Thousands come out for Rockford Relay for Life

by CINDY M. CRANMER

FIRST WALK—The firefighters of Rockford always lead the first lap of Rockford's Relay for Life event. With the new combined Department of Public Safety—which includes newly trained first responders from the city staff, the police department, Chief Dave Jones in command, City Manager Michael Young as overseer, and Chief Mike Reuss as Rockford Fire Marshall—this group of safety staff now leads the Relay for Life first lap. Photo by Beth Altena

Thousands of people joined together at Rockford’s Relay for Life to raise money to fight cancer, to celebrate survival from the disease or to remember a loved one who lost their battle to cancer.

Area residents could show their support in a variety of ways from raising pledges for walking to temporarily coloring their hair a bright color, painting their face, playing Plinko or other games, enjoying fresh squeezed lemonade, eating food items and baked goods, buying a variety of products, bidding on items at silent auctions or attending one of the ceremonies. The $347,958.72 raised will be used by the American Cancer Society in the fight against cancer.

Area children play a game, which was one of many games and activities that teams set up to raise money, at the Rockford Relay for Life Friday night. The kid playing the game would pick a colored ball and see if it was the first ball to rush down the river and over the waterfall. Winners received a spirit stick, which was a stick with bright ribbons on it. Photo by CINDY M. CRANMER

The 10th Annual Rockford Relay for Life began at 3 p.m. on Friday, May 18 and concluded on Saturday, May 19 after 24 hours.

According to Shannon Ouellette—who served as committee chair for the first nine years and currently is on the committee as well as the City of Rockford and Rockford Schools liaison—the individual team that raised the most money was Team Terminatin’ Cancer. Their team raised $22,000.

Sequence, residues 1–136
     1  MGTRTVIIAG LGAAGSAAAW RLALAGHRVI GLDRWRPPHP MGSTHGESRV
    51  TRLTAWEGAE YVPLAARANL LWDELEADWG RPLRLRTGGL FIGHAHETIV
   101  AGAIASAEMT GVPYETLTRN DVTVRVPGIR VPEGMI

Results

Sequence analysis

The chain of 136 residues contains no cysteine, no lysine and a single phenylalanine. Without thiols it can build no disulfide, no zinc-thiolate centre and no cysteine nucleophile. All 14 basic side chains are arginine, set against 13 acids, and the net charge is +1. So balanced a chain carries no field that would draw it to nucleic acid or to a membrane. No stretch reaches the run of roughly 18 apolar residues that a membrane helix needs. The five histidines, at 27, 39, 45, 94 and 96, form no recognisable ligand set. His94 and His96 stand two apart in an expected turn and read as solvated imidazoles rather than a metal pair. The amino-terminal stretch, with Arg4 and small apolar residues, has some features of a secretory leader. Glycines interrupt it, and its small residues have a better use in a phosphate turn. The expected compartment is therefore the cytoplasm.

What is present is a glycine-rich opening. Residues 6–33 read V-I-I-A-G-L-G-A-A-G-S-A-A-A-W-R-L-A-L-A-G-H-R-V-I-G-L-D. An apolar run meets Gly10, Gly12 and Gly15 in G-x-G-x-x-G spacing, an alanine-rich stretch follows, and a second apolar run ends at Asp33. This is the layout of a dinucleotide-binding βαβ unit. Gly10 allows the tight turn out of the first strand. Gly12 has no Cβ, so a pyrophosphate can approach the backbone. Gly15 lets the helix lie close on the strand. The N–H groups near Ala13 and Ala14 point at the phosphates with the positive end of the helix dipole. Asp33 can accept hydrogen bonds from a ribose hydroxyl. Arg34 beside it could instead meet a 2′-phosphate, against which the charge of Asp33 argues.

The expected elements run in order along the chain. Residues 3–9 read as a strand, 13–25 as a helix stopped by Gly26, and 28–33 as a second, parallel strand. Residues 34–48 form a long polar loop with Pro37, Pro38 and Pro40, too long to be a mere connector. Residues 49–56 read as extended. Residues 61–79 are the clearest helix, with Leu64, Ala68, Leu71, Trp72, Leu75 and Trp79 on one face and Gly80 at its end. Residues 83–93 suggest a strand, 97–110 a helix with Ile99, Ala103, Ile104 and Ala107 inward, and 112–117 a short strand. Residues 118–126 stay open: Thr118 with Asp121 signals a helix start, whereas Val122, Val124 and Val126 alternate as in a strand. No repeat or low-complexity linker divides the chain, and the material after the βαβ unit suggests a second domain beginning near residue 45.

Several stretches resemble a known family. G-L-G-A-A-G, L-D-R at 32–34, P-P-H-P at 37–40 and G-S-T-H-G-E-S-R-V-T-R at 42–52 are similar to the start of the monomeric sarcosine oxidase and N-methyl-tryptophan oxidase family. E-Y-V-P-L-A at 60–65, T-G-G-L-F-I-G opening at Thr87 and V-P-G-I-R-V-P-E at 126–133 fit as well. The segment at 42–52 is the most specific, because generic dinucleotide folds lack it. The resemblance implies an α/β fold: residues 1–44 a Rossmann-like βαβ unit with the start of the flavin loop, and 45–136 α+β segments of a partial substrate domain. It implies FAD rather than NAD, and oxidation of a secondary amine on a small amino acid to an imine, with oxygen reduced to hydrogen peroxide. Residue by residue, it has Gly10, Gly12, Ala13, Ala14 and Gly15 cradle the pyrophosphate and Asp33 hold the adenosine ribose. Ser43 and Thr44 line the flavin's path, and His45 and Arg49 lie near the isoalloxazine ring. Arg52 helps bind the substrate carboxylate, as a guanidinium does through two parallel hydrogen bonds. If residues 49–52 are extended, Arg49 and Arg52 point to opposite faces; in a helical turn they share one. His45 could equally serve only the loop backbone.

Some people supported the Relay for Life by walking and gathering pledges or by making purchases with donations going to the American Cancer Society. Others just came out to support walkers or survivors or just as a show of support for the 24-hour walk that also serves as an awareness opportunity.

Chloe Haddad (right) and Sarah Whyte (left) receive congratulations after walking for 24 hours at Rockford’s Relay for Life. The women walked 35 miles in their customized outfits made by Carol Murphy in support of Valley View Elementary School fourth-grader Claire Kowroski, who has cancer. Photo by CINDY M. CRANMER

Deb Pomarius, one of the co-captains of the East Rockford Middle School (ERMS) team, was busy selling used books, duct tape creations such as wallets, cell phone cases and hair bows made by students Karlee Kaminga and Kaitlyn Schovey as well as jewelry made by Kim Klaes Jewelry, which donated several pieces, and other items.

ERMS was among the dozens of teams that had a tent at the event. Teams ranged from schools to businesses, to friends putting together a team to honor someone who lost their battle to cancer, to teams supporting a friend fighting cancer, to those who just wanted to do their part in the battle against the disease.

Brett Riebschleger, a seventh grader at East Rockford Middle School, was among the 95 people who registered to walk for 24 hours. He was walking as he had a friend who was in remission from fighting cancer. Dressed in a bright orange nylon suit covering his head and body, the teen showed he still had energy Friday night as a friend jumped on his back wanting a ride. Photo by CINDY M. CRANMER

Brett Riebschleger, a seventh-grader at East Rockford Middle School, was among the 95 people who registered to walk for 24 hours. He was walking as he had a friend who was in remission from fighting cancer.

“If you’re going to do it, you might as well do it all,” said Riebschleger, who was 13 at the time of the event, and who was involved in Relay for Life for the first time.

Dressed in a bright orange nylon suit covering his head and body, the teen said he wanted to stand out and make a difference in the fight against cancer.

While Ouellette said some 24-hour walkers dropped out because of the temperatures hitting in the mid- to high-80s at times, she believes about 70 successfully completed the 24-hour walk.

The morning hours on Saturday were filled with cheers as walkers completed the accomplishment and had their name along with the number of miles walked announced. The goal was to keep walking and not to accomplish a set number of miles so distances walked ranged from 20-plus miles to 60-plus miles.

Cancer survivors, family members and caregivers walked the survivor’s lap Saturday at Rockford’s Relay for Life. The track was covered with people wearing purple along with sashes identifying if they were a survivor or caregiver. Photo by CINDY M. CRANMER

Rockford High School juniors Julia Dillard and Jordyn Hills also were walking because of a friend who has cancer.